Then, on March 16, managers were told to operate on “minimum coverage,” which meant that only two people from the management team would be scheduled to work, she said. This meant that no associates were put on the schedule.
“This was a full 24 hours before we knew we were closing,” she said. “We had associates on the other side of the phone crying, saying we couldn’t cut their shifts because they wouldn’t be able to pay rent. It was one of the worst things I’ve ever witnessed.”
So when Ann Taylor publicly announced the next day that it would pay store associates through the closures, it caused confusion and anger among employees, the manager said.
“The store associates were calling and texting, asking if they were getting paid now — after we had just told them they weren’t getting paid,” the manager said. “It didn’t just mislead the public; it misled the people who work for the company.”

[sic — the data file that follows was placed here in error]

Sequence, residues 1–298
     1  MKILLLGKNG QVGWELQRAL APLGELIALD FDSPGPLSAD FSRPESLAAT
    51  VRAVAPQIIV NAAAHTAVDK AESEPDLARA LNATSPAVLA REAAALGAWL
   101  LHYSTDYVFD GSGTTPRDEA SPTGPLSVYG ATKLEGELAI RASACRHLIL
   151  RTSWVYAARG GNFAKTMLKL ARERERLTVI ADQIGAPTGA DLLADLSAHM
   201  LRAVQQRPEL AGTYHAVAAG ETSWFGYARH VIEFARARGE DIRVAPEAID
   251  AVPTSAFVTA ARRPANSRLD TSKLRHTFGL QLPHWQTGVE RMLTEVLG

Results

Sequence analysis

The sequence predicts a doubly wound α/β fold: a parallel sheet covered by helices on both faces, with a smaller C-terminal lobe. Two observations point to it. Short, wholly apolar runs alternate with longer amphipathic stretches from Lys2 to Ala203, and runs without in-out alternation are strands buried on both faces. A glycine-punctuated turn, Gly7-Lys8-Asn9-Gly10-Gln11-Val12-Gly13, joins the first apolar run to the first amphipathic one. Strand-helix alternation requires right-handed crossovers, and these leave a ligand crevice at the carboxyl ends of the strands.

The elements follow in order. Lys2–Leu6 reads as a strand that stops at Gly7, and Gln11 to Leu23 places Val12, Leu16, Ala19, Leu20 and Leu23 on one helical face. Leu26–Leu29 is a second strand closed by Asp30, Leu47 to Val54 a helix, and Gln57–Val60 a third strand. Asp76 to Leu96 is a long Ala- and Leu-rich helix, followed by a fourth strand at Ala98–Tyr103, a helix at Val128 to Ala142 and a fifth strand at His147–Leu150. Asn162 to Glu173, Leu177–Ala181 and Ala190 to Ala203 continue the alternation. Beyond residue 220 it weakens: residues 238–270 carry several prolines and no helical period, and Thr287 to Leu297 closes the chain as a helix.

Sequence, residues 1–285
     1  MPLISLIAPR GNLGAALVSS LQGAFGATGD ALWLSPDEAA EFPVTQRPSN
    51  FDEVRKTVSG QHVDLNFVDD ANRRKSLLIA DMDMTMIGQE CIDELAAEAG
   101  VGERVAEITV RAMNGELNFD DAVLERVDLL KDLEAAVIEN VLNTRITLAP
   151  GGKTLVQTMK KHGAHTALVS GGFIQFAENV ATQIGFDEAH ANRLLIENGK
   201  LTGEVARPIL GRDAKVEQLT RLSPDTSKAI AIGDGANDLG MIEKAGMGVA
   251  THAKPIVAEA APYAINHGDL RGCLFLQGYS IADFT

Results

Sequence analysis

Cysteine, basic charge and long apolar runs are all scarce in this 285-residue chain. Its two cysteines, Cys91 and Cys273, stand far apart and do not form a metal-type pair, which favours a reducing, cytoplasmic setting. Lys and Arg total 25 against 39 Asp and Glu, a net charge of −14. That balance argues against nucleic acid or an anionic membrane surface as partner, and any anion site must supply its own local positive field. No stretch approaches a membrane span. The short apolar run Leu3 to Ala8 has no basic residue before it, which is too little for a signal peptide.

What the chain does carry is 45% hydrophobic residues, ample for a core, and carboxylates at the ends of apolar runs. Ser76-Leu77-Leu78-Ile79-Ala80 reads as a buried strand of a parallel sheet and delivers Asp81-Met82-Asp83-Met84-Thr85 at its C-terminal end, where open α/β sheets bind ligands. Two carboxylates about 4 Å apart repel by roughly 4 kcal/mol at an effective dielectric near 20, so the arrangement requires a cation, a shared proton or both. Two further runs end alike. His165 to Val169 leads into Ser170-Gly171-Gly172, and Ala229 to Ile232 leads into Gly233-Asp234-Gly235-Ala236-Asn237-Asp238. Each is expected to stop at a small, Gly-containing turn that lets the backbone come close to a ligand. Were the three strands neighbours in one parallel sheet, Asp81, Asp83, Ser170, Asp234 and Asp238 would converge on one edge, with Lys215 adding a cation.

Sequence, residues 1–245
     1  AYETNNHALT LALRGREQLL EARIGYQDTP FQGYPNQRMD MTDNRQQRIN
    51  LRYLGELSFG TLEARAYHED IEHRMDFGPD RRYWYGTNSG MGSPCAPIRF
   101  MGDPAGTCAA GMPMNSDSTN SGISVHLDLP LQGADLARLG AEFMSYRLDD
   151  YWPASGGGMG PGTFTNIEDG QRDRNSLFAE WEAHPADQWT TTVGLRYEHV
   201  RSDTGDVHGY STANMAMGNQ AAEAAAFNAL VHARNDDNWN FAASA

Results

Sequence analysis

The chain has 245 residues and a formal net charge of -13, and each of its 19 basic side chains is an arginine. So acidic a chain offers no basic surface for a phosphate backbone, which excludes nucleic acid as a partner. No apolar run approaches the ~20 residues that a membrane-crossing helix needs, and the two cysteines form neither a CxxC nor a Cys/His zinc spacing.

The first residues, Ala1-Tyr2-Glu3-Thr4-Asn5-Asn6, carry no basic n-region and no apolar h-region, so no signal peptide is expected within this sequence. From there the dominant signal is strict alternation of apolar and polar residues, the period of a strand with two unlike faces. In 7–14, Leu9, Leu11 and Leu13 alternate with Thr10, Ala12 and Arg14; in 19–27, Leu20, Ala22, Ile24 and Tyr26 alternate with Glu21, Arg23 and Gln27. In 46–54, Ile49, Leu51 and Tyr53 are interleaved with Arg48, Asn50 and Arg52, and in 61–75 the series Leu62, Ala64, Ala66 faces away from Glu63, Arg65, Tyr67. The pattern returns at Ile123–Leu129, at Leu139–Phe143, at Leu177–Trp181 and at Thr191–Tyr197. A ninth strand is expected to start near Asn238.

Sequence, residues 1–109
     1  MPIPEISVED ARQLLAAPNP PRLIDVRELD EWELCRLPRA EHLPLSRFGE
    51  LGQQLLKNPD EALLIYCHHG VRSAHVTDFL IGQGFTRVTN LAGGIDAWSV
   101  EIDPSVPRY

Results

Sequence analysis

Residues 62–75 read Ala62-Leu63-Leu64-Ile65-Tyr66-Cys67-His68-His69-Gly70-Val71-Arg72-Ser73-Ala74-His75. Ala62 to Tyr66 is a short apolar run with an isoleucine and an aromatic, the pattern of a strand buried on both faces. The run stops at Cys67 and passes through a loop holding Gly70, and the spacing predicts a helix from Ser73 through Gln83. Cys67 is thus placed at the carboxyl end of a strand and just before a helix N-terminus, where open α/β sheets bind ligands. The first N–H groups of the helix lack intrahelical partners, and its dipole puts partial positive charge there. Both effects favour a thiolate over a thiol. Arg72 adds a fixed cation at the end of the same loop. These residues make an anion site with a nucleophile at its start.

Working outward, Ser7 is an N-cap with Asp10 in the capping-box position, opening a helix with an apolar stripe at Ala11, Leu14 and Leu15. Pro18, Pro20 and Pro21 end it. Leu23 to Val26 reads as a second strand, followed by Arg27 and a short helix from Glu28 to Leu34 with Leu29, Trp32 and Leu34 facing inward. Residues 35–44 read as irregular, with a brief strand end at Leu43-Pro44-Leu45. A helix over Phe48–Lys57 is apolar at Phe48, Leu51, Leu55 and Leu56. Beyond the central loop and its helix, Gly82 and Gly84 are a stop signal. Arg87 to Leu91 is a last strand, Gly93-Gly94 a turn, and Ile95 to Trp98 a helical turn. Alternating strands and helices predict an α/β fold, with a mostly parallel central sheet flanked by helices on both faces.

A company spokesperson declined to comment.
The company has since furloughed all store associates until it can reopen stores.
“We found out on March 24th that we had to call everyone from home and tell them they were furloughed,” the Ann Taylor manager said. “Associates are able to use up the rest of their sick time if they choose to, which they have very little of."
In a letter to employees published on StreetInsider.com, Muto said, “Furloughing our [store] associates is one of the most challenging decisions we have ever had to make as an organization.”
He said that it was “incredibly disheartening” for the company to take this step “due to the unpredictable and unimaginable impact of COVID-19.”
“I want you to know that as a furloughed associate, you are still very much part of our team, and it is our goal to recall you to work as soon as possible,” Muto’s letter said.
The Ann Taylor employee said the company used managers like her as “puppets” and made them look like “the bad guys.”
She said that other managers she has talked to across the company’s brands felt that the company had treated store employees unfairly.
“When we go back to work I am going to have a team full of women who dislike me because the company made us the bad guys,” she said. “We were the people responsible for doing all these awful things.”